Learning New Movements

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We know that the golf swing is difficult to learn in part because there are so many moving parts.

Indeed, it is a complex motor skill that involves multiple limbs and segments and learning them all at once is quite the challenge. In 1967 Soviet neurophysiologist, Nikolai Bernstein, identified this problem and described a strategy in which motor learning researchers now refer to as freezing the degrees of freedom. His solution was to control or “freeze” the many degrees of freedom associated with the coordination demands of that skill.

In golf, this involves holding some joint rigid (i.e. “freezing” them) while performing the skill. Often I start beginners off with one arm only drills to manage the movement of one limb segment at a time. With practice, the “frozen” joints will begin to become “unfrozen” and operate in a way that allows cooperation with multiple segments.

Short pitch or chip shots are another great way to freeze degrees of freedom. These swings contain critical elements of the full swing in them (center contact, weight favoring the front foot by impact, no scooping of the wrists) but without the full backswing or follow through. By working on your short shots, you are inadvertently using this strategy.

Even accomplished players can benefit from this isolation drill as a diagnostic to see what each limb is doing – particularly those who have played for a long time and want to break a habit or play a different sport that has a different movement. In either case, this player may want to alter an established coordination pattern. What is interesting is that as hard as it may be to overcome distinct movement biases (those who play tennis regularly know what I’m talking about), it is indeed possible to overcome them but it takes a lot of practice. Isolating degrees of freedom is a great way to practice – even in your home without a club or a ball!

The beginning learner (or even an advanced learner who is making an adjustment to an existing movement), solving this degree of freedom problem is critical part of the learning process. The next time you are warming up, try building your swing in stages and check your technique as you go. You might be surprised how well you can self-diagnose.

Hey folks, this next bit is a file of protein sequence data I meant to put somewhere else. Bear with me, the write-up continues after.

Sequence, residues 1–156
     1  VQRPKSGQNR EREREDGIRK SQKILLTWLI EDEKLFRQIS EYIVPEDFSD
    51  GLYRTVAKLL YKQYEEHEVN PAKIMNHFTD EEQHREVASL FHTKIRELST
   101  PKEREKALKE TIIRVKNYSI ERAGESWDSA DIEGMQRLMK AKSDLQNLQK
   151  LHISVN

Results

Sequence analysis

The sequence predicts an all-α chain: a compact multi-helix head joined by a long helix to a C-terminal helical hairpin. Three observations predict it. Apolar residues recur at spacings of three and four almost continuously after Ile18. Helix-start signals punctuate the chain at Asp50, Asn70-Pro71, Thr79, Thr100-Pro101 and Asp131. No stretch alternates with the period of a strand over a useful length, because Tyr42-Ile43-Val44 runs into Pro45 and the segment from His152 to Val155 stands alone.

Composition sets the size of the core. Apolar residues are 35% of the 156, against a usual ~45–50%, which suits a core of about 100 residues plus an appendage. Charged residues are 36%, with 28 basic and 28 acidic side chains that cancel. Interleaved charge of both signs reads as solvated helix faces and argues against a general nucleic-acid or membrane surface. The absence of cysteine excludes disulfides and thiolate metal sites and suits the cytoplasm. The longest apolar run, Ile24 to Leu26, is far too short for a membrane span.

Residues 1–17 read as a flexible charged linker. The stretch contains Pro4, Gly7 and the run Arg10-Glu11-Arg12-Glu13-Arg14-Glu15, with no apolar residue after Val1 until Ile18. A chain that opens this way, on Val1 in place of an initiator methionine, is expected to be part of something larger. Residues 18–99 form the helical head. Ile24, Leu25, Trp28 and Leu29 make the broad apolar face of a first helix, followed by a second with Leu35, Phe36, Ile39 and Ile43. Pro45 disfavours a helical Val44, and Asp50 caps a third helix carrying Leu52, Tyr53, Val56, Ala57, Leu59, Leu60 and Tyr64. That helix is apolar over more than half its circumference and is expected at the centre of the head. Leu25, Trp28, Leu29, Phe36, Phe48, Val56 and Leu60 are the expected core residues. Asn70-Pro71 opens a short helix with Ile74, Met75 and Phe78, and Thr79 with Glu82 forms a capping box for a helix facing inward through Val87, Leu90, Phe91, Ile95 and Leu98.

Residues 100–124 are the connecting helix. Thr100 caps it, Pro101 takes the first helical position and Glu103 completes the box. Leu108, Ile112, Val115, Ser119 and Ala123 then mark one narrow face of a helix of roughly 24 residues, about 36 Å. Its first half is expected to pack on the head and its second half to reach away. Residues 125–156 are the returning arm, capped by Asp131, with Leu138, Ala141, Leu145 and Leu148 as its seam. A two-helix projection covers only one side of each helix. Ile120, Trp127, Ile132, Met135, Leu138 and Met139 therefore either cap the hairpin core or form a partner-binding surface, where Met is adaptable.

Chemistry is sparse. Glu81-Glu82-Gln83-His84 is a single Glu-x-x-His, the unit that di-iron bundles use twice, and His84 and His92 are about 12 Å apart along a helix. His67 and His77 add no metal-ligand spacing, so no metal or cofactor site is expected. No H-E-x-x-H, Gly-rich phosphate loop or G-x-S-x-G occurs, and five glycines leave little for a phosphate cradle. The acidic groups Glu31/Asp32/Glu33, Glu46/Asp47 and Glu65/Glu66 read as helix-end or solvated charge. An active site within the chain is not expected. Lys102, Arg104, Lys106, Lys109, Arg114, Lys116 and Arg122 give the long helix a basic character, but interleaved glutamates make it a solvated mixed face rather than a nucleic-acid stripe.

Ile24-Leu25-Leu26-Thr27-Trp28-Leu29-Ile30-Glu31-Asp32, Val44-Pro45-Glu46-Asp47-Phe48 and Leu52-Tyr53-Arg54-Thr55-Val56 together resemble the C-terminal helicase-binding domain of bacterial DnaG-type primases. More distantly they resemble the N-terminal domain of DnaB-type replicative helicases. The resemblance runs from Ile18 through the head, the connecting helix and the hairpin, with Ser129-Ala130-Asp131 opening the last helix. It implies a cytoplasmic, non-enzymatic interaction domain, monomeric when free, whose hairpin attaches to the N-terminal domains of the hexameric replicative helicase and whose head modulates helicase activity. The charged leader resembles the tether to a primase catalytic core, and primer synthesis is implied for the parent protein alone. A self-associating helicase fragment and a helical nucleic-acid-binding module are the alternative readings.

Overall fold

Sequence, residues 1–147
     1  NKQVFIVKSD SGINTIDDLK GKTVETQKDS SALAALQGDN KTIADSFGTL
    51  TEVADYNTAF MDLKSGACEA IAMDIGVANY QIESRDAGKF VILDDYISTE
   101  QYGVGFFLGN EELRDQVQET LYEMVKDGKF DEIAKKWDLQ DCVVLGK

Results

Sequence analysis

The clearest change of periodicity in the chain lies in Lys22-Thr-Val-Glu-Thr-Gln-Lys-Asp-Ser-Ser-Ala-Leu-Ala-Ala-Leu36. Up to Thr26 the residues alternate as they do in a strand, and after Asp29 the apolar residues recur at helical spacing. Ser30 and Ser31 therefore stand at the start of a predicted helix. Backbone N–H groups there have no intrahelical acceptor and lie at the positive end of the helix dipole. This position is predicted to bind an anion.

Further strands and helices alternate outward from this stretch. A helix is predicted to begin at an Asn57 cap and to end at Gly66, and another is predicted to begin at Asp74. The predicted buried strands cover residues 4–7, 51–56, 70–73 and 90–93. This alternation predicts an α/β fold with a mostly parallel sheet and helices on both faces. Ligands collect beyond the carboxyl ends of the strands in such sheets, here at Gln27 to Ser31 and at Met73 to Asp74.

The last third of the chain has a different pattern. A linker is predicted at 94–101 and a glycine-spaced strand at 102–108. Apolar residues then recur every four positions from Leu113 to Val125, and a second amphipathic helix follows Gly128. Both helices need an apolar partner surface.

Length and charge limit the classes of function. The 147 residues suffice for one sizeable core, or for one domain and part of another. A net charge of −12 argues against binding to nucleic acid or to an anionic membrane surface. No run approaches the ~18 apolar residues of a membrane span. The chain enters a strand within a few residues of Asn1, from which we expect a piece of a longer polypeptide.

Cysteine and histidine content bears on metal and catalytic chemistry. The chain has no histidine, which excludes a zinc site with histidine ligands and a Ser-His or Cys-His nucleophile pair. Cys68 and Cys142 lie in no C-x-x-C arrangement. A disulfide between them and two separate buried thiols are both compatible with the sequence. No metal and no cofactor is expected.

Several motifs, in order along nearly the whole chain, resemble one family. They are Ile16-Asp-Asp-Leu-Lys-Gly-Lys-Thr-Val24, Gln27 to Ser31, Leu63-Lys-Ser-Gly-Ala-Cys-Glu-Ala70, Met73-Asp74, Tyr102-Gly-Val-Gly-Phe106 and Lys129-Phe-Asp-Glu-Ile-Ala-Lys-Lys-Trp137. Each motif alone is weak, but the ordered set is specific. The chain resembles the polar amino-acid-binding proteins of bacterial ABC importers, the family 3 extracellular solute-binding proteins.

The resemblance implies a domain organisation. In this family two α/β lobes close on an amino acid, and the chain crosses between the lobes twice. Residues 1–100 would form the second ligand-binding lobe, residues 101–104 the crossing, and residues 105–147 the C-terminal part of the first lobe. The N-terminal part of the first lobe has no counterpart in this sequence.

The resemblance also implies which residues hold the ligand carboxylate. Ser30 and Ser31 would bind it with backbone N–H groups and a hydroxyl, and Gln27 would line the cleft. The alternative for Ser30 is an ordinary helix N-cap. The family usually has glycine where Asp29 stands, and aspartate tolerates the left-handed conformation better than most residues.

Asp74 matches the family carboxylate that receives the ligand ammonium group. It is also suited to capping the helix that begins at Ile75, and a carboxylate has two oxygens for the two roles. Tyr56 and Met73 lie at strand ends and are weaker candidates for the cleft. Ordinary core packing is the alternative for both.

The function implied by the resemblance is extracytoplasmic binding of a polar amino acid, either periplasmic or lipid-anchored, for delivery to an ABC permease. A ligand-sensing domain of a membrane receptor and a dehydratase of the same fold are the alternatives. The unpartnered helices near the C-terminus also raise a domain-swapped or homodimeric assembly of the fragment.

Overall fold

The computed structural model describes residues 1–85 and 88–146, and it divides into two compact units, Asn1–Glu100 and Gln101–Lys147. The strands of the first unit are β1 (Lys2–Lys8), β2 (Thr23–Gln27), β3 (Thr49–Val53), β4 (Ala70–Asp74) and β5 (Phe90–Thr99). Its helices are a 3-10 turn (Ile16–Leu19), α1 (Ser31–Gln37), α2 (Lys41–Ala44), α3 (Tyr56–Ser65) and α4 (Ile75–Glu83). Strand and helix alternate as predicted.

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You’re on the range. You’ve seen the alignment rods. You wonder how to use them...... With the @theopen coming up at @royalportrushgolfclub it will be interesting to see the players aim. With hardly any trees or other visual markers to use, they will have to find intermediate targets on the fairway. Many players do this already but it becomes a must for those who don’t. Here I’m using @bubbawhips 💕 for practice. I think having two is helpful because the first one you use to set your target line (where you want the ball to end up) and the second one set parallel to that on the ground. ⠀⠀⠀⠀⠀⠀⠀⠀⠀⠀⠀⠀⠀ ⠀ ⠀⠀⠀⠀⠀ ⠀⠀⠀⠀⠀⠀⠀⠀⠀⠀⠀⠀⠀ ⠀⠀⠀ 💙 Apparel: @jlindebergsport ⠀⠀⠀ 🖤 Hardware: @titleist @scottycameron @vokeywedges 💚 Kicks: @gfore
Are you, or do you know someone who is thinking about starting golf? . Whether it’s you or someone you love, encourage it! This game is incredible at bringing unlikely people together whether it’s on the golf course or in conversation. There is no way I would have met the great Christine Lagarde @Christinelagarde (former head of the IMF and next president of the European Central Bank, Forbes Top 100 most influential women in the world, #3) and Jane Harman (former congresswoman from CA, and now head of the Wilson Center). These two incredibly bright and inspirational women, were so much fun to teach. What an honor and privilege to have had that time. . Happy Bastille Day! 🇫🇷 @christinelagarde @jlindebergofficial @jlindebergsport
So this was a fun round.
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Brilliant moment in sports. Umpire steals the show during Invitation Doubles | Wimbledon 2019 https://t.co/S3EZpHR1PV via @YouTube
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Lots of ways to make the club move. https://t.co/3mFos4gxz8